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ollege students often need a mountain of mate- rials. From books, to furnishings, to resources, the transition to college involves new items

of all sorts. But what happens when the need for new things meets a meager budget? Where can students comfortably acquire these items?

While there are several websites dedicated to selling

and purchasing goods, Tina Snyder ran into concerns when her college-aged daughter was searching Craigslist for a new bike. Who, exactly, was doing the selling? Where would her daughter have to go to procure these items? Safety in mind, Snyder was reminded of a mar- ketplace a previous employer had offered solely to the company’s employees. What if this same system could be applied to the college campus?

And so, CampusWall was born. Only those with .edu email addresses are permitted access to the cam- pus-specific virtual bulletin boards. Providing a safe community to buy, sell, swap and share goods and services, CampusWall is a vital resource for any college student.

AFFORDABILITY Te old stereotype of college students living on Top Ramen and macaroni and cheese isn’t always off base. Te reality is, most students are met with dollar signs around every corner. From furnishing a dorm room to paying for a seemingly endless supply of textbooks, the word “budget” is familiar to college students. Of course, these expenses come even before some of the larger transitions college brings; even if dorms are fur- nished, apartments aren’t. And what if, as with Snyder’s daughter, a student wants to look into a new method of transportation, like a bike? Where can a student start searching, while also staying within budget?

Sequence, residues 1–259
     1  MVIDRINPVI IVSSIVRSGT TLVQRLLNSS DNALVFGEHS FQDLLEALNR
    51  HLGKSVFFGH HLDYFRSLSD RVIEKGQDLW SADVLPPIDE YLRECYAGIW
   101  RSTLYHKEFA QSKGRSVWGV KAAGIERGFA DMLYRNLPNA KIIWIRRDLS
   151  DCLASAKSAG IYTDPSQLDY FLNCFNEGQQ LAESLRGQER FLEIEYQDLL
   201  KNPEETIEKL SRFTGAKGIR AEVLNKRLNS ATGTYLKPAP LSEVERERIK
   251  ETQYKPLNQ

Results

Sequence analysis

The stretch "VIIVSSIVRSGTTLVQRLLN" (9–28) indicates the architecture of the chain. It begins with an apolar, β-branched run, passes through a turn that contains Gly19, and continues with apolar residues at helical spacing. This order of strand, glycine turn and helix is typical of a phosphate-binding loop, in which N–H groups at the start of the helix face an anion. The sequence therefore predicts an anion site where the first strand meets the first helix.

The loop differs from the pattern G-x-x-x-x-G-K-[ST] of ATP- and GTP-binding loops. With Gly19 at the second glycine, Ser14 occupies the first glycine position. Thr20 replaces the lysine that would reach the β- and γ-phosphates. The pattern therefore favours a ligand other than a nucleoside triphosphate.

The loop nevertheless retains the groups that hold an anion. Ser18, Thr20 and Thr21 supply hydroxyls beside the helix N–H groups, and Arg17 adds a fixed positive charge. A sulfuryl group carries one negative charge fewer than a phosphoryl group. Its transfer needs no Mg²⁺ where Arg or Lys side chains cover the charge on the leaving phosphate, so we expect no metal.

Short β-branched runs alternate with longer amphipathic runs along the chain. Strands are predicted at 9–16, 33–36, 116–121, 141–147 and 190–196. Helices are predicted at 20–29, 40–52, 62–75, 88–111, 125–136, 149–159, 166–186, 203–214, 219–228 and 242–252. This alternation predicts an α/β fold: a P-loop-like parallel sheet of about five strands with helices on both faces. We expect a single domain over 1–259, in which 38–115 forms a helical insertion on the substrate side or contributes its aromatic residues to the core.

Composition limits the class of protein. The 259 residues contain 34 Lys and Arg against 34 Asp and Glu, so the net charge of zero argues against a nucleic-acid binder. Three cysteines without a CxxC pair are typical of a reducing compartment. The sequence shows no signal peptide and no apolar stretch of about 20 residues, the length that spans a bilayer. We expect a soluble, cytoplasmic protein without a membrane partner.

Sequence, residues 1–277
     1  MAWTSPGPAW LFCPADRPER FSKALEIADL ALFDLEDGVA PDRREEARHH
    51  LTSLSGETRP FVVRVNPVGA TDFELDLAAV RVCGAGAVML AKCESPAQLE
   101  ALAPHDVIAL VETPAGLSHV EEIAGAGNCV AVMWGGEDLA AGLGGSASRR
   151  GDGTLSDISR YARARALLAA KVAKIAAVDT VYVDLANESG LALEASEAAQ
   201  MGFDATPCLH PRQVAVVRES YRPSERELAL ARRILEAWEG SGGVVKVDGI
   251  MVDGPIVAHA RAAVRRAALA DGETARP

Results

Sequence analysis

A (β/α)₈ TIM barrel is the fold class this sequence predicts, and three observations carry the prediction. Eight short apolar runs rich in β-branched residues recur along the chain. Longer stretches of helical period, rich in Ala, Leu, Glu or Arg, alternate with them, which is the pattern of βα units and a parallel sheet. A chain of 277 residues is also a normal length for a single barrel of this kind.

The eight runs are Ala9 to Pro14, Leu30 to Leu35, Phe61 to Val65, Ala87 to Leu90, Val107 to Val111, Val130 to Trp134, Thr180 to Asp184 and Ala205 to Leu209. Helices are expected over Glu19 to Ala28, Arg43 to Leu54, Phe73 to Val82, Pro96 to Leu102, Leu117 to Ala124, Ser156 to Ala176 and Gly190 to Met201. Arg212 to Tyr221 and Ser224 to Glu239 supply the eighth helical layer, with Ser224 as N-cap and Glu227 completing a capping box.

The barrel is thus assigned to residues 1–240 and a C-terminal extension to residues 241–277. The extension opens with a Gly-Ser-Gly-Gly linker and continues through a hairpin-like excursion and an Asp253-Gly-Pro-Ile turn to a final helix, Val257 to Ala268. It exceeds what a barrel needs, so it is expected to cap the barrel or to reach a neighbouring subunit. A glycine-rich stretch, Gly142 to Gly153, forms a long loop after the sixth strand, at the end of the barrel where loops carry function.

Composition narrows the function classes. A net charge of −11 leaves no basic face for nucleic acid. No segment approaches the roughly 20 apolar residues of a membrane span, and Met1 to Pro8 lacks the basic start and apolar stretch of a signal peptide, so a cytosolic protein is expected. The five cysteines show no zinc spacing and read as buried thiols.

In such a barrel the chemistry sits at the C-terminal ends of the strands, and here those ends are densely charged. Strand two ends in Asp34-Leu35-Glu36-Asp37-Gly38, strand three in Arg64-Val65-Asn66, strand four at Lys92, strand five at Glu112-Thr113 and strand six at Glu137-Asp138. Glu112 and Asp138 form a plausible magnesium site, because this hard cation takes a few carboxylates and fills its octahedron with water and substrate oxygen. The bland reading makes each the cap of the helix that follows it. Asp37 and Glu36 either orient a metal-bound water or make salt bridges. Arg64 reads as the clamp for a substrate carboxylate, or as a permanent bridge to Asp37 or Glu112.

CampusWall makes it easy for students to purchase these items without breaking the bank. And when they have items such as books that they aren’t going to use anymore (because that Economics book may only be needed for one semester), students are offered the op- portunity to make a little cash back by selling them.


The Virtual Bulletin Board

by Rachel Wiley

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